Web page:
SAN DIEGO -- The at-home winner of NBC's season 13 "Biggest Loser" reality television series spoke about healthy lifestyles and physical fitness to Sailors assigned to amphibious assault ships USS Makin Island (LHD 8) and USS Essex (LHD 2) at the Harborside Fitness Center aboard Naval Base San Diego, Jan. 31.
Mike Messina, who lost an incredible 160 pounds during the competition, talked with Sailors about how he changed his life through an improved commitment to nutrition and overall physical fitness.
"Changing your lifestyle is easy it's just changing your mind," Messina told the group of Sailors. "The lifestyle is about making smart choices the majority of the time. If when you wake up you work out and then make yourself a healthy meal, it becomes a routine and then turns into a lifestyle."
Messina, who started the show at a whopping 358 pounds, used Navy basic training as an example of a model lifestyle Sailors should lean towards.
"I feel like boot camp was a warm up for life for Sailors," said Messina. "The military got you ready - everyday you got up, you worked out, you ate, and you trained. It's a model for life."Messina encouraged the group of Sailors to maintain that mentality in order to stay strong in life.
"There's a reason that the military runs so smoothly, it's like a well-oiled machine," said Messina. "There is a meaning and a purpose to everyday that you guys get up and do your job."
Many of the Sailors asked Messina questions about what types of exercise routines worked for him and what types of food to avoid in order to get rid of unwanted pounds.
"You don't have to change everything, you can still enjoy all the things that you love, but it has to be in small increments," said Messina. "I think that if your start young and take care of yourself, for the rest of your life you will have a healthy good life."
Sailors who met Messina said they walked away with a lot of good advice.
"The most important thing I think we need to do as Sailors is change our mindset on how important is for us to eat right and exercise," said Chief Mineman Enrique Guerra, a representative from Essex's Morale, Welfare and Recreation (MWR) division who attended the event. "We need to put it in our heads that if we take care of ourselves, we will live a happier and more prosperous life."
Guerra, who also helps promote physical fitness aboard Essex, said Sailors have a lot of access to gyms on both shore installations and on most Navy ships. He also encourages healthy eating.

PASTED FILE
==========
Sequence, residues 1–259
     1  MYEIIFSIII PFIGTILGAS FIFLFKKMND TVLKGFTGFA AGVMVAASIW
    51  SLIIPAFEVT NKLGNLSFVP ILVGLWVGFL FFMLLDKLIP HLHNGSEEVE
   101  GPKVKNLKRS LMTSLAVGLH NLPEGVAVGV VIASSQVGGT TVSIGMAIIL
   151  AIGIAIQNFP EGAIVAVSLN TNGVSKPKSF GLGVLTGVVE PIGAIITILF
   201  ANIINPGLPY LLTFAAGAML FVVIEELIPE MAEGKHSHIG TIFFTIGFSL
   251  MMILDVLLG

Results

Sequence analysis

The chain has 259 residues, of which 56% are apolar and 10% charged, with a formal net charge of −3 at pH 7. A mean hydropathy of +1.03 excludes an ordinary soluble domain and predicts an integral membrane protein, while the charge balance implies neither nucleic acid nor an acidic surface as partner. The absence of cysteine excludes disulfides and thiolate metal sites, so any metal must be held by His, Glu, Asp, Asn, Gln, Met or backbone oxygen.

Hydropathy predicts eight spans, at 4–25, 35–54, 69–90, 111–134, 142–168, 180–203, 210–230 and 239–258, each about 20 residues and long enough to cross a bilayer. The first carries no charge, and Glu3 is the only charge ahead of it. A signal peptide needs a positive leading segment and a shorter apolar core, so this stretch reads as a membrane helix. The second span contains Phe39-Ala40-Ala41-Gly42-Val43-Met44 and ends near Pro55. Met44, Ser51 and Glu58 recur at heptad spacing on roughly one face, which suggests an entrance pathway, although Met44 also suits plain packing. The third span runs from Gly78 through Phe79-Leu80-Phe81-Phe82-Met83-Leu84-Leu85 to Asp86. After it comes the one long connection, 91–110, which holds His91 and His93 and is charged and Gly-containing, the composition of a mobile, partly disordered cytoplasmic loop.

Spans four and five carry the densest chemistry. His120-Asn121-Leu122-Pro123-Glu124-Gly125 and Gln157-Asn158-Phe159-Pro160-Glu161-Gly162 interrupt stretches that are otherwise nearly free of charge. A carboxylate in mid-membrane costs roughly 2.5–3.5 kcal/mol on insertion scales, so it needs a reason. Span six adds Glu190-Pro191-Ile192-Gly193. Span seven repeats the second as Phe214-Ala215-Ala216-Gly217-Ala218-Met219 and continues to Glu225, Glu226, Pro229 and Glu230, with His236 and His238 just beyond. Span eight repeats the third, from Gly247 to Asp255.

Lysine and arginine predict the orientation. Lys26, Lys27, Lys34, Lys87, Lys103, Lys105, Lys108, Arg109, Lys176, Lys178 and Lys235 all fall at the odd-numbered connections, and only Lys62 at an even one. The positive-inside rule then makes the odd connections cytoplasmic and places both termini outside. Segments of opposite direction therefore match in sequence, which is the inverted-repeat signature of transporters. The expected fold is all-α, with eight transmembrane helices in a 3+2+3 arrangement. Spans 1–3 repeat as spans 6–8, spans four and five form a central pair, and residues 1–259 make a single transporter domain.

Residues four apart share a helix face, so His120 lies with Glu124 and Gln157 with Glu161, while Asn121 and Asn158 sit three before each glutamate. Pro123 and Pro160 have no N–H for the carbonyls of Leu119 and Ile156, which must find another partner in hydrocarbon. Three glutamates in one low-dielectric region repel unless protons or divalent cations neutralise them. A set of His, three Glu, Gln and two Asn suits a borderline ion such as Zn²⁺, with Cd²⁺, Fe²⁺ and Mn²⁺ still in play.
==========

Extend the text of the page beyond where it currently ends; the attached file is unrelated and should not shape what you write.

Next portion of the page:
"Try restaurants that have healthier foods and eat salads," said Guerra. "When you order hamburgers eat everything don't remove the lettuce or the tomatoes."
Messina's visit was coordinated by Makin Island's MWR division in conjunction with the ship's own "Biggest Loser" competition that began earlier this month.
The ship's competition is intended to help maintain Navy physical fitness standards, supporting the Secretary of the Navy's 21st Century Sailor and Marine initiative, and ensuring the command's overall mission readiness.
The 21st Century Sailor and Marine initiative consolidates a set of objectives and policies, new and existing, to maximize Sailor and Marine readiness, safety, physical fitness, inclusion, and continuum of service which builds resiliency and hones the most combat-effective force in the history of the Department of the Navy.
Makin Island recently returned from a seven-month deployment and was the first U.S. Navy ship to deploy using a hybrid-electric propulsion system. By using this unique propulsion system, the ship saved more than $15 million in fuel costs and the Navy expects to see fuel cost-savings of more than $250 million, over the course of the ship's lifecycle. Lessons learned during Makin Island's maiden deployment prove the Navy's commitment to energy awareness and conservation and will positively influence future ship designs for several decades.
This initiative is one of many throughout the Navy and Marine Corps that will enable the Department of the Navy to achieve the Secretary of the Navy's energy goals to improve energy security and efficiency afloat and ashore, increase energy independence and help lead the nation toward a clean energy economy.
The ship is currently undergoing a planned maintenance availability (PMA) at Naval Base San Diego. During this seven month PMA period, Makin Island will receive numerous equipment upgrades, modernization, and general repairs. The PMA period will also ensure the ship will reach the full service life of at least 40 years.